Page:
Thursday, November 1, 2007

Supermarkets v the people?

The Competition Commission’s verdict that rather than posing a threat to humanity and the Great British way of life, and given the opportunity to compete with each other on a level playing field, supermarkets can in fact be A Good Thing has been met with a puzzled reaction by the media this morning, and an angry reaction by smaller retailers and environmental and community groups.

The well-worn argument is that the general public, who love their local retailers more than capitalism itself, are being denied real competition on their Main Streets because big nasty supermarkets come along, sell cheap groceries and clothes (god forbid!) sometimes in an unfair way by marketing loss-leader products, and unjustifiably drive the little guy out of his local business.

On the key point, the Commission and today’s critics agree. It’s not healthy or fair to have a market in which 75 percent of the market share is held by just three companies, or towns like Dundee, Perth and Inverness which have over 50 percent of the market controlled by Tesco alone. But while the unlikely alliance of the Federation of Small Business and Friends of the Earth believe that this situation can only be resolved by restricting the market and favouring small/local businesses, the Commission want to free the market to provide increased choice for consumers. Time will tell who is right.

But there are two points that spring to mind for me about this.

Firstly, it’s not simply the predatory and restrictive business practices of the big supermarket chains which are having an adverse impact on small retailers on their own. There are wider changes in our society and within our communities also do not spell good news for this sector. More and more of us are working longer hours, further away from home, coupled with a greater proportion of women in the workforce mean that the small local shop, open from nine to five with a limited range of goods available is a less attractive and convenient option for modern families in particular. Society is not to blame for supermarkets buying up land to prevent their competitors expanding into a particular sales territory, but these changes mean that traditional small business cannot exist in its previous form.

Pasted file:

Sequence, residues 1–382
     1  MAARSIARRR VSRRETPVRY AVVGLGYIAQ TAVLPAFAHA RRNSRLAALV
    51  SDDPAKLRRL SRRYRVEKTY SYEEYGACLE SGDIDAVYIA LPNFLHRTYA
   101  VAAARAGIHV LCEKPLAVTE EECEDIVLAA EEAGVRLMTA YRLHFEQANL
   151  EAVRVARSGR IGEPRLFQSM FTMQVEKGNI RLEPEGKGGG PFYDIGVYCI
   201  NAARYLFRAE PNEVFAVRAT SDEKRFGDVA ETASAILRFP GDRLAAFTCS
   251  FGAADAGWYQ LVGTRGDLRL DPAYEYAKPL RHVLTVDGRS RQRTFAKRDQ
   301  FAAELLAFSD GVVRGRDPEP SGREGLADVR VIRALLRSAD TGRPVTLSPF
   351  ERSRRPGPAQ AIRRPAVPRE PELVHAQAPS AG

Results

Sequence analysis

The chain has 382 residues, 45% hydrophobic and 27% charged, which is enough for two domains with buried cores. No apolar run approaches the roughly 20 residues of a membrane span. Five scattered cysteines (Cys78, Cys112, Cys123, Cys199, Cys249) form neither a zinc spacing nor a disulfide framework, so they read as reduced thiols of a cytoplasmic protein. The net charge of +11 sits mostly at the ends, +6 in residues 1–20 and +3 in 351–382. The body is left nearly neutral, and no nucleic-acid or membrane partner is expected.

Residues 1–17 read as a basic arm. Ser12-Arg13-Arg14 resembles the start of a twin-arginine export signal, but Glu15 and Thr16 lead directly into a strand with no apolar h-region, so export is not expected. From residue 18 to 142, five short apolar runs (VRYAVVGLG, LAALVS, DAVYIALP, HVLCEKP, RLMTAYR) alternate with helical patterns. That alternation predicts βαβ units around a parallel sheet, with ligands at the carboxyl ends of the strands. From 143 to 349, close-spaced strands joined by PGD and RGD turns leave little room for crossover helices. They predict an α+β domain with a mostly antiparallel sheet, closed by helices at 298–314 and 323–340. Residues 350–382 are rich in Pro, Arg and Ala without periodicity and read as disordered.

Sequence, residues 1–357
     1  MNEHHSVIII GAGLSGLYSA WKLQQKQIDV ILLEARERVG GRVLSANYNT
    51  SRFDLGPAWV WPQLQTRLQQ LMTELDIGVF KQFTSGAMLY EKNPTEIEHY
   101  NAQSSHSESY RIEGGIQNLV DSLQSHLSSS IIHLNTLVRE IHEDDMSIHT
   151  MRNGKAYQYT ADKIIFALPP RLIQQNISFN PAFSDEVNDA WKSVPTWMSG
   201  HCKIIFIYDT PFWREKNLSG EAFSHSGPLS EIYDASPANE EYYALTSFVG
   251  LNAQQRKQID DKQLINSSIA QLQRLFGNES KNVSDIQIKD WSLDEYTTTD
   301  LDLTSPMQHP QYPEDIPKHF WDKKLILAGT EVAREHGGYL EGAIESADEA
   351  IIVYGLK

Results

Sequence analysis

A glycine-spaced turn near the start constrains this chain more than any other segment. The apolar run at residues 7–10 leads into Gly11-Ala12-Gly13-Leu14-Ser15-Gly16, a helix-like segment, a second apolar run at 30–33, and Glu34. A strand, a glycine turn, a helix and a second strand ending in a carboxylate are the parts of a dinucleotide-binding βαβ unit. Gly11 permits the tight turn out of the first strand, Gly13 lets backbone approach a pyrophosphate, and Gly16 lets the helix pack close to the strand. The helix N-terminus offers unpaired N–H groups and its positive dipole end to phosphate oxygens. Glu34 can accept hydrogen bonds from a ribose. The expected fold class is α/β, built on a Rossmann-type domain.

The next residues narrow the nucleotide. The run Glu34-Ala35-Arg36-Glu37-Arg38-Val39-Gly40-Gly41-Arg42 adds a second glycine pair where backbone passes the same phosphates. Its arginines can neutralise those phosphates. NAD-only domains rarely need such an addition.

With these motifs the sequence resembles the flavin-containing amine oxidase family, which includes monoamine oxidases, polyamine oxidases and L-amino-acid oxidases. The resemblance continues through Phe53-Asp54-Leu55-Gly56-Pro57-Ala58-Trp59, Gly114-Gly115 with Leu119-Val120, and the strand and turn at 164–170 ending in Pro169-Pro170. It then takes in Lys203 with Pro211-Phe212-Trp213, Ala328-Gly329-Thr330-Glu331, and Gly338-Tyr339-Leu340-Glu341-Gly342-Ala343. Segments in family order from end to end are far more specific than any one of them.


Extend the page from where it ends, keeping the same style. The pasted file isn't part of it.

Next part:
But supermarkets are popular. That’s why they are successful businesses and why Tesco’s share price reached new highs yesterday. People choose to go there to shop for a range of reasons including convenience, price and quality.

When Tesco was planning to build a new store in Banff in the Northeast of Scotland a couple of years ago there was some localised uproar. Protests by local people, petitions and lobbying of local politicians prevailed. The store was to be built over existing playing fields, in a beautiful established park, next to a historic building and serious art gallery, so Tesco had offered to build an all-weather football pitch at the other side of the town as compensation. The local MSP, Stewart Stevenson, maintained a neutral stance over the issue, so decided to use his access to the local voters’ roll to organise a referendum on the issue. The turnout was around 60-70 percent, higher than that for the local parliamentary election.

And the result?

The locals voted in favour of the new Store by two-to-one.

There are pros and cons to the domination of big supermarkets in our communities. But we need a combination of major factors to change,, both within the retail environment and in society at large, if we are to make everyone in this debate happy over time.